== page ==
Movement No 24–Pertaining to Deer Isle–The Road

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John Marin
American, 1870-1953

Movement No 24–Pertaining to Deer Isle–The Road, 1927

Watercolor, with black colored pencil and black crayon, on moderately thick (estimated), slightly textured, ivory wove paper (all edges trimmed), laid down on wood-pulp laminate board faced with ivory wove (estimated) paper, prepared with a gray wash, with a decorative paper board collar gilt with silver leaf, in original frame
360 x 448 mm
Alfred Stieglitz Collection, 1949.567

© 2016 Estate of John Marin / Artists Rights Society (ARS), New York

Marin described Deer Isle as “a place of lovely spots and bad spots.” The joyful coloring here suggests that he delighted in this scene. Telephone poles dance over the rise alongside a zigzagging road, illustrating the artist’s consciousness of “the wonderful everlasting road a leading onward a dipping a rising a leading up over the hill to the sea beyond.” Two important variations in Marin’s approach to mounting and framing can be seen in this and the adjacent watercolor. He eschewed the gilded mounts he had previously favored, instead applying a very thin silver strip around the edge of the sheet and toning the outer margin with a coordinating watercolor wash.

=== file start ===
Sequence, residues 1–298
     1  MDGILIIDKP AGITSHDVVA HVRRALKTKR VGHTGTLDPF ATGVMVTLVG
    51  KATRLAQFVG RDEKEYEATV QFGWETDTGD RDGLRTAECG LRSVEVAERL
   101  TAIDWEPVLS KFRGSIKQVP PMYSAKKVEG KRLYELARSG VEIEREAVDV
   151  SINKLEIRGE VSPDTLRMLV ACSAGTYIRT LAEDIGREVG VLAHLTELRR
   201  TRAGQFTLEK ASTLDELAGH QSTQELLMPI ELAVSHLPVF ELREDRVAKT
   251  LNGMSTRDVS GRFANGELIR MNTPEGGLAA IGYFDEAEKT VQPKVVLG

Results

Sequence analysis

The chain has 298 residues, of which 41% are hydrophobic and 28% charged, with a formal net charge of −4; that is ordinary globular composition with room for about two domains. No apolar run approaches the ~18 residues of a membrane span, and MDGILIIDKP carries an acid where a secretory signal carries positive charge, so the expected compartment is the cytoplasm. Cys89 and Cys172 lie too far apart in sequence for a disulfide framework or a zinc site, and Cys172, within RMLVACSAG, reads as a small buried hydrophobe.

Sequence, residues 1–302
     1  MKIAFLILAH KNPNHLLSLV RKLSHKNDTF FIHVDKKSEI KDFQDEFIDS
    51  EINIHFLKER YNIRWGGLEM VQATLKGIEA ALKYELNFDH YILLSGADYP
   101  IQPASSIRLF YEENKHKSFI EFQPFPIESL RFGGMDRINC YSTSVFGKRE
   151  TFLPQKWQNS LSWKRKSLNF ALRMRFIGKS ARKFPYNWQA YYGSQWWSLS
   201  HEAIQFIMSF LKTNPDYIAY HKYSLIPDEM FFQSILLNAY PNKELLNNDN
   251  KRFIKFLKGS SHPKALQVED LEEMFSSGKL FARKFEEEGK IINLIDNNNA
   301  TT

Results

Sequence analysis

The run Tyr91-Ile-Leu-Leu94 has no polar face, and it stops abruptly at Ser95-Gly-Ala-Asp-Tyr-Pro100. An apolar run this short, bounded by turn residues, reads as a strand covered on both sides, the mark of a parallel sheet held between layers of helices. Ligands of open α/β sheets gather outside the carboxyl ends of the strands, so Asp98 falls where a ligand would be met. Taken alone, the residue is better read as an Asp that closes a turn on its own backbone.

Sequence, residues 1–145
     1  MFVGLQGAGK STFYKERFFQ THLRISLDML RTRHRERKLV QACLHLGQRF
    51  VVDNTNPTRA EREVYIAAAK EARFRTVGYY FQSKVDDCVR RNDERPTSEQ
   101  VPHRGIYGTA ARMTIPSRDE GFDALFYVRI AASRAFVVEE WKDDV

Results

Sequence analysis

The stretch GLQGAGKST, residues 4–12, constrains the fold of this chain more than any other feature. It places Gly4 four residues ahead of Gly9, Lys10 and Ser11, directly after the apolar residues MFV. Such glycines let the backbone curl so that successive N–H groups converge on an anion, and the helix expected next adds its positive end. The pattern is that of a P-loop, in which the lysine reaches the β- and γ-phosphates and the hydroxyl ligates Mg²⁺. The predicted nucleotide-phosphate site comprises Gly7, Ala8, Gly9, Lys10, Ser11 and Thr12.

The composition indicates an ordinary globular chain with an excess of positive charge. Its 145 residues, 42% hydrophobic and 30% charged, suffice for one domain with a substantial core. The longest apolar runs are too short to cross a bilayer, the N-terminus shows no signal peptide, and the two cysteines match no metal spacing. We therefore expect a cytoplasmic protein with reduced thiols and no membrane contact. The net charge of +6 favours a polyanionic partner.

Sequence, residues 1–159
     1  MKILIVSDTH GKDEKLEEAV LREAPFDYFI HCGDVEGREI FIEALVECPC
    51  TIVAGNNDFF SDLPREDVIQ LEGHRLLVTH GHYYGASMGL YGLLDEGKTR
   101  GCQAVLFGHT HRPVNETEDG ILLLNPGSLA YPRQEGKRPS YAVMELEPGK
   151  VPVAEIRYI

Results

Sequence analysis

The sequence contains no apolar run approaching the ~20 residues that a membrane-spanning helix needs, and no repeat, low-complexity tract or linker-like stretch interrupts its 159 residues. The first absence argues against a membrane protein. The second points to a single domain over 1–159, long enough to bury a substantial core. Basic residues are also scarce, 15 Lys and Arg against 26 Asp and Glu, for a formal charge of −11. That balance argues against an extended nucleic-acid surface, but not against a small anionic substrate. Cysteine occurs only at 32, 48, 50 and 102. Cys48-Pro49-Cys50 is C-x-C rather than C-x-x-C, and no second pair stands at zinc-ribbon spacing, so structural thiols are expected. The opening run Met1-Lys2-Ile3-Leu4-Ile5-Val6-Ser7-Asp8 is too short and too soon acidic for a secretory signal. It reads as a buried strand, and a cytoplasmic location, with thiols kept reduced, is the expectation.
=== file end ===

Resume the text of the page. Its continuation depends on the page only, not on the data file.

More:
— Exhibition label, John Marin's Watercolors: A Medium for Modernism, January 19-April 17, 2011, Galleries 124-127.